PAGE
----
This realness of the Phillies image was often up for debate, depending on who was asked. The media often bought into it. For example, Jayson Stark describes the Phillies' love of being defined by Macho Row, the underdog role, and not looking like "the typical professional athlete." (45) As an alternative to the corporate look of the Yankees or the cool pose of the black athlete, the Phillies provided a model for the celebration of hegemonic, white masculinity. Yet Kruk often hints that it was not an act, stating that "it's the way we are: the hair and the beard and everything." (46) However, Kruk was known to play up his image as folksy and naive. In interviews, he would incorrectly conjugate verbs and throw in colloquialisms, a practice he seems to have lost in his present job on Baseball Tonight. He would argue that Macho Row was a creation of the media, but would call his teammates mental and infer that Dale Murphy had been sent to the Phillies the previous season for a "Mormon mission trip." (47) Kruk played up his image as a beer-drinking, out-of-shape slob in some interviews and argued against it in others. While he made sure to tell the interviewer in High Hopes that everyone else worked out but him, Fregosi reveals that Kruk took more batting practice than anyone. The truth surely rests somewhere in between the two positions, but the idea of the realness and authenticity of the 1993 Phillies certainly fascinated the team, the fans, and the media throughout the season.
Continuing the conversation of individuality, American studies scholar Joel Dinerstein writes, "Nearly every aspect of our national pastime has been transformed by African American participation and protest, style and aesthetics, physical gesture and emotional expression." (48) Personalization and emotion have become a large part of baseball. Some of the Phillies situated themselves in opposition to such aspects when they recalled interactions with Barry Bonds. They decry his selfish play and his home run gazes as arrogant and contrary to the spirit of the game. As Trujillo explains, criticism of individualist play is a criticism of black culture and the black, cool pose. (49) Because the cool pose and celebration of the individual run contrary to the traditional culture of white athletes, black athletes are expected to conform to the white way of playing.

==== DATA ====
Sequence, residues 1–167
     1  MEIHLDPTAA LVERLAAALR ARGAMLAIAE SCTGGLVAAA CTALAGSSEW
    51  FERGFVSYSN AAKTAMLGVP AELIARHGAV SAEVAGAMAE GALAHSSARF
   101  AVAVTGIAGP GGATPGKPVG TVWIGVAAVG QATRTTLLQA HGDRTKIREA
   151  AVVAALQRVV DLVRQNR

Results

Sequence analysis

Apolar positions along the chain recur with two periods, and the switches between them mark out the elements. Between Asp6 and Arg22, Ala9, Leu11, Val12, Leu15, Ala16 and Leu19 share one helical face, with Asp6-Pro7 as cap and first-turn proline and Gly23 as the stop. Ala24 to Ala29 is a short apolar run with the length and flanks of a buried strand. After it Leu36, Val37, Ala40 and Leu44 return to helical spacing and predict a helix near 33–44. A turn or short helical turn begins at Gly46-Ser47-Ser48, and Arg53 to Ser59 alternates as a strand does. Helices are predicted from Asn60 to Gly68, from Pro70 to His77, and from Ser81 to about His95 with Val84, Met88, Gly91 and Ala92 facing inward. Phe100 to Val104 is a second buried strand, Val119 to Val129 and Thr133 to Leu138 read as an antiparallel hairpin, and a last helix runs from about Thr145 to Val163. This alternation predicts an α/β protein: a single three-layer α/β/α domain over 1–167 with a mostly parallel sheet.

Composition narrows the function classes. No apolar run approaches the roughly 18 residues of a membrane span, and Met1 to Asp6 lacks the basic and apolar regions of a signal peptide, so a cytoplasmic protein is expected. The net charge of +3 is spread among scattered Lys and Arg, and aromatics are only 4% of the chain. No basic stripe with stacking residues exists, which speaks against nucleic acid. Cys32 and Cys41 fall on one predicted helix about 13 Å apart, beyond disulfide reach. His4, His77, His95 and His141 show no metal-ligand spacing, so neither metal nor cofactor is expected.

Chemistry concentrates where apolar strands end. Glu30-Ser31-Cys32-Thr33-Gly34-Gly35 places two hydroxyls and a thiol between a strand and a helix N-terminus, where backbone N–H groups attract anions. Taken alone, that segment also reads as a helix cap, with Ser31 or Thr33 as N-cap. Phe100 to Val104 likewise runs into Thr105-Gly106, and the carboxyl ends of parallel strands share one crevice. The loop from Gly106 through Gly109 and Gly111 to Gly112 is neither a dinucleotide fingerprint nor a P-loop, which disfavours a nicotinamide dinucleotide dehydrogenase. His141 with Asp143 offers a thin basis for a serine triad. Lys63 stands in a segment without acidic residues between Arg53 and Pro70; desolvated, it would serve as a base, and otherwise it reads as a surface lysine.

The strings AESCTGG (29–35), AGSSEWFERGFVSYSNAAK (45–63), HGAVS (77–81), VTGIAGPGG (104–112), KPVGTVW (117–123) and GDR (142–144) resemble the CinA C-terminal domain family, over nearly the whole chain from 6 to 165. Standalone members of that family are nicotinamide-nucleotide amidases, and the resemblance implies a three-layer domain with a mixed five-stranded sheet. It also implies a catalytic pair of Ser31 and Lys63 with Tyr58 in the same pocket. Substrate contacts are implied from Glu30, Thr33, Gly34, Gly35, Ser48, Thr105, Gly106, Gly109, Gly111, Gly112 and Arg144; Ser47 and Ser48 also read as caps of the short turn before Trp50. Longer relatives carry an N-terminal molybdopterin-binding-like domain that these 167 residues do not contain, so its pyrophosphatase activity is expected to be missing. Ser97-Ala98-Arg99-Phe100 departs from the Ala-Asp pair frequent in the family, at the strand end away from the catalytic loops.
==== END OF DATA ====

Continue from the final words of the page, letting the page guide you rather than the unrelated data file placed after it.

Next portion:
While the 1993 Phillies emphasized the importance of teamwork, many of their celebrated memories arose from moments of individualism. In High Hopes, multiple Phillies reminisce about Dykstra's home run which lifted the Phillies over the Braves during the National League Championship Series (NLCS). The players laugh and celebrate Dykstra's antics which consisted of pumping his fists and screaming "Didn't I?" after hitting the home run. By bringing attention to himself and celebrating his achievement, Dykstra displayed the same kind of swagger for which Bonds is ridiculed. Even though Dykstra's celebration is more outlandish than Bonds's, the Phillies celebrate it as emblematic of their team's fun style of play. The Phillies regale the viewer with stories of Hollins intimidating players off of the field, Kruk taking a bow at the All-Star game after striking out against Randy Johnson, and Jackson admitting that he wanted to win a game just to "stick it up the media's ass." (50) While the Phillies outwardly embraced the idea of teamwork, they still reveled in moments of individualism, as long as those moments were perpetrated by Phillies.